Beauty and danger at the edge of the digital world.
A young woman stands trembling, wrapping her arms around herself to stave off the chill in the air that her stately yellow gown cannot. “Come closer,” a voice entreats. It has a strong presence which rings with a fatherly compassion one might expect from an exceptional sort of human, though it eminates from a sword. A gentle green glow accompanies its every word, the same sort of incandescent light that spills into the glyph-lined street through a nearby window, like sunlight through the bars of a jail cell.
I inch her forward, but caution stays my hand for a moment. I know what's supposed to happen—I'm supposed to walk forward and pick up the sword so the game can go on. But even though I'm only a minute into my demo of Transistor, I already feel connected to my avatar, Red. And the world she inhabits, Cloud Bank, already feels dangerous.
I'd seen the trailers. I knew how distinctive, how stunning Transistor's hand-crafted art and animation looked going into my E3 demo, but I don't think I was ready for how effective its storycraft was. Even Bastion, which I adore, didn't prepare me for how skillfully constructed all of Transistor's little moments were. The minutiae of what makes it work is tough to nail down in basic terms, but if I had to try, I'd say it's in the way it organically uses every moment, whether it's a scripted event or a screen transition, as an opportunity to build character and atmosphere.
But if you're worried about the narrative bogging down the actual gameplay, don't be. Most of the story is conveyed as you play, and as well done as it is, you'll be thankful for that because you won't want anything to come between you and the combat. Despite sharing a camera perspective and a disembodied narrative voice as Bastion did, it's in battle where Transistor makes its biggest departure from its prequel.
You could loosely refer to it as an action RPG, but you can't hack, slash, or button mash your way about here. Different skills are mapped to the face buttons, but they aren't of the spammable variety. They come out more deliberately, and none of them can be considered a “primary” attack in the traditional sense. For instance, the skill “crash” is a short range attack with average speed and damage, where “breach” is a slow-starting, long-range projectile that pierces through enemies and cover points alike. Each attack, no matter how basic, looks fantastic—wreathed in crackling energies of every kind and animated silkenly smooth.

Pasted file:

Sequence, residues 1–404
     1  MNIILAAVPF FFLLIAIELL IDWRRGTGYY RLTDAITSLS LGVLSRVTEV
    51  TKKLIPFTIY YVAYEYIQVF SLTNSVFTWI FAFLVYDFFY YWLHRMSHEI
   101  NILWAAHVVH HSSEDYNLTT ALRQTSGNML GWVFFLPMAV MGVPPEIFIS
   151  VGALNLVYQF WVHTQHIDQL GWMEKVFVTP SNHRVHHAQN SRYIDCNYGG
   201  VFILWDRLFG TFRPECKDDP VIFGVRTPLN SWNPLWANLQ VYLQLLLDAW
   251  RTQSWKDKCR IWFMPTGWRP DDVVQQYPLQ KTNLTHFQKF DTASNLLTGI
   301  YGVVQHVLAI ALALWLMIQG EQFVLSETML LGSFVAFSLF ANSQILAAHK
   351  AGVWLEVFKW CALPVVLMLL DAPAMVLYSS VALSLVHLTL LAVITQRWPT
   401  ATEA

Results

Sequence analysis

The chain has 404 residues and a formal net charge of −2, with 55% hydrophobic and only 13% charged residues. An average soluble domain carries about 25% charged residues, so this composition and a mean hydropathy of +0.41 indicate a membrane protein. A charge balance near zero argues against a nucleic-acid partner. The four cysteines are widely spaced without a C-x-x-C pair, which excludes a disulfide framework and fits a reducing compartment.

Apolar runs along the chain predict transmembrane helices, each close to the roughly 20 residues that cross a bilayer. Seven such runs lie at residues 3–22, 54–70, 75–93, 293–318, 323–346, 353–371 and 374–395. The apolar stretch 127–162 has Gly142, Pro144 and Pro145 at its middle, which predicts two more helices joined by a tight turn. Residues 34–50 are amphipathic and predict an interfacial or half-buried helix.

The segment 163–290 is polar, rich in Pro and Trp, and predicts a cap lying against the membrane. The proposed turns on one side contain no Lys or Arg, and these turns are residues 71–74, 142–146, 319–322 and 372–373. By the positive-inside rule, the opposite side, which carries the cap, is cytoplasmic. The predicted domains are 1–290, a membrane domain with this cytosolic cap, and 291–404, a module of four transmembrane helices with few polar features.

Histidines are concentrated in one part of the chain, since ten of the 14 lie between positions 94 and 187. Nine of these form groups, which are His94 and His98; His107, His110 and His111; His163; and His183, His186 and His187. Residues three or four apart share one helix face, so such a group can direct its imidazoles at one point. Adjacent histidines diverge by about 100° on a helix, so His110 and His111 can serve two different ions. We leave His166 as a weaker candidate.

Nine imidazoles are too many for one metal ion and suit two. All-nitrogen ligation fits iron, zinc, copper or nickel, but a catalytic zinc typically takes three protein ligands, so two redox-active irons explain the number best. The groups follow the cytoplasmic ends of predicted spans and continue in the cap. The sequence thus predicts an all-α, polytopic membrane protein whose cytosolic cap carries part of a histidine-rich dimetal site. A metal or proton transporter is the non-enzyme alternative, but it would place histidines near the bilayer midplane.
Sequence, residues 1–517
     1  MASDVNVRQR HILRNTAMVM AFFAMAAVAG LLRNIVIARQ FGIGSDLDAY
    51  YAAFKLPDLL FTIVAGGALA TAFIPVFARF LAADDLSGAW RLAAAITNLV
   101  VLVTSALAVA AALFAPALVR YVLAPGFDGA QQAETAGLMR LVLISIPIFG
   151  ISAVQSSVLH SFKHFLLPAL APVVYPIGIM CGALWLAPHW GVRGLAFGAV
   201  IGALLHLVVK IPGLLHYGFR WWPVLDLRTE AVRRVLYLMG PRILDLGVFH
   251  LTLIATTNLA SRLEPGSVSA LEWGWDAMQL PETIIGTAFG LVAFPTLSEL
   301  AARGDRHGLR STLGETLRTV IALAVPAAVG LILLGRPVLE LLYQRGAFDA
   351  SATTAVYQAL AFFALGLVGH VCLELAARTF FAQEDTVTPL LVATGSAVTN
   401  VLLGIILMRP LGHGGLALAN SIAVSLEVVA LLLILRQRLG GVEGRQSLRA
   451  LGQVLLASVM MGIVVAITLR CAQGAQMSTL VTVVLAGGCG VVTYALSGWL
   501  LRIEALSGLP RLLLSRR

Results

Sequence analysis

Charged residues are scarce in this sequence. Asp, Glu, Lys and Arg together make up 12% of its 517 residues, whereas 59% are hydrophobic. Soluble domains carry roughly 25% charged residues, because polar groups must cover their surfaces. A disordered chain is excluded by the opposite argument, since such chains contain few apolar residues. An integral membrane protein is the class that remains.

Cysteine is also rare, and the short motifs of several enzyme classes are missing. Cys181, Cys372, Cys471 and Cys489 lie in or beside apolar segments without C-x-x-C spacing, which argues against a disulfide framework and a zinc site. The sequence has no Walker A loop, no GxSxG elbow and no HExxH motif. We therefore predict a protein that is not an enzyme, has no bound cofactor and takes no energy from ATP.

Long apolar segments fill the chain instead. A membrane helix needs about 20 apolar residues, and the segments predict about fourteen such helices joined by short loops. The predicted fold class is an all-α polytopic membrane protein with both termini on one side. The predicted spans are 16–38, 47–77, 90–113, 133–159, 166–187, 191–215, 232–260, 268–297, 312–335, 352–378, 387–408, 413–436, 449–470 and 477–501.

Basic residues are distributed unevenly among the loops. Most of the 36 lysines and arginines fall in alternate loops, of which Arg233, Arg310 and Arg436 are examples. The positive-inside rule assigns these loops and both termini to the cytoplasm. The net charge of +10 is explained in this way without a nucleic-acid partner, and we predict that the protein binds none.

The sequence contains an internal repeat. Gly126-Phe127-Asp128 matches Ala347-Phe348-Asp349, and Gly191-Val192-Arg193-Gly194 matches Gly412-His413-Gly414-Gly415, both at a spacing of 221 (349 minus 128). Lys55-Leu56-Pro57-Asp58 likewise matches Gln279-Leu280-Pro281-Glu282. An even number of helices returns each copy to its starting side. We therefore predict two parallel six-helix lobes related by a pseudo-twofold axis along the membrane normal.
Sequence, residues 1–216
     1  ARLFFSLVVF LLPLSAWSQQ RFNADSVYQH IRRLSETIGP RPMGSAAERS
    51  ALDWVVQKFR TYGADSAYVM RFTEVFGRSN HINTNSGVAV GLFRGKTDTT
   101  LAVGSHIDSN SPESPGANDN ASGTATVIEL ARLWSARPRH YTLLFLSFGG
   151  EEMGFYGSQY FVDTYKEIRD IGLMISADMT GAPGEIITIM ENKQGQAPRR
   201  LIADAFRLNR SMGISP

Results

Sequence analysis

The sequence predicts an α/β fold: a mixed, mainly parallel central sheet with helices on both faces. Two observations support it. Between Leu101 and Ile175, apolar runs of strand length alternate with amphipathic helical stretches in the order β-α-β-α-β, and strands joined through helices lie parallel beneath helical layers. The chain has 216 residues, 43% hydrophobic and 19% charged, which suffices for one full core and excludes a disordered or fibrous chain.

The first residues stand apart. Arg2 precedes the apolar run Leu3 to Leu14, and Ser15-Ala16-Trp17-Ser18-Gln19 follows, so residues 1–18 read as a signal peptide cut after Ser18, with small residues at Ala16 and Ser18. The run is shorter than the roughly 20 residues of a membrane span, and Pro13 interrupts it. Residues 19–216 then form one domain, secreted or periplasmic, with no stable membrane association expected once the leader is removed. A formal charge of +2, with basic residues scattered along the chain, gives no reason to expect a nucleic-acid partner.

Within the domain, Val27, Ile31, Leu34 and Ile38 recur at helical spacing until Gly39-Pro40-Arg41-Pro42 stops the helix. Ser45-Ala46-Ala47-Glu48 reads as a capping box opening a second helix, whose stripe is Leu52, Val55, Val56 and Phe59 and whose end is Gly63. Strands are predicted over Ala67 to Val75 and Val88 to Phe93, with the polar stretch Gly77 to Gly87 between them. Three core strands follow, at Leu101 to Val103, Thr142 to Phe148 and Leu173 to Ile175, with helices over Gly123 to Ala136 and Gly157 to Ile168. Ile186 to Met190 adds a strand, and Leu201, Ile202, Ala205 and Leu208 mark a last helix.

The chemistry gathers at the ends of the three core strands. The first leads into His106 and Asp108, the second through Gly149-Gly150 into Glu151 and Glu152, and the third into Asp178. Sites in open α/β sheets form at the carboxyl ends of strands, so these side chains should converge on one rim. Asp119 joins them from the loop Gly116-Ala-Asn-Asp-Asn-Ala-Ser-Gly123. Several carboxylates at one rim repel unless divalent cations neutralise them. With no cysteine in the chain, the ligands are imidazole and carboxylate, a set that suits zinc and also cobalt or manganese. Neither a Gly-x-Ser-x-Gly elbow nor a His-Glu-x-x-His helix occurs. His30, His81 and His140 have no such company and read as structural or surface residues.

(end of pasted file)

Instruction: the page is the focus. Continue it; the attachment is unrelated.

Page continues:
But for as swanky as it all looks, it's the “turn” system Transistor employs that elevates its combat into loftier territory. Pulling the R2 button stops time and allows you to queue up a series of movements and actions to be performed in rapid succession after a second press. Think of it like the VATS system from Fallout 3 but with a lot more options at your disposal. For instance, upon encountering a small group of enemies, you could run to the safety of cover and then engage turn mode. With time frozen, you could then move out of cover, fire off the “spark” skill to pepper them with AoE damage, then use “jaunt” to teleport to their flank, only to finish with a breach to pierce through all three of them at once. The more actions you queue, though, the more your turn energy is drained, and you won't be able to stop time again or use any offensive skills until the meter is fully recharged.
Aiding in both the atmosphere and the tactical depth, enemies sport widely varied looks and behaviors. In just 15 minutes I faced off against at least four different enemy types, and each introduced interesting variables to the equation. The tripedal “Creeps” resurrect if the cell they drop after death isn't retrieved in time, while the cunning “Young Lady” creates a shadow copy of itself when predictably attacked and showers the field with attack drones upon death. Each of these elements fits together well, making combat just as stimulating mentally as it is visually.
I'd need to write many more words to express all that made my brief time with Transistor feel special. I could gush on about the Darren Korb-composed soundtrack or begin speculating on how the protagonist, Red, lost her voice, or on the mysterious history of her titular blade, but my words would likely do it all—including you—an injustice. So instead, I'll just tell you to keep a watchful eye out for it when it hits in early 2014 for PS4 and PC.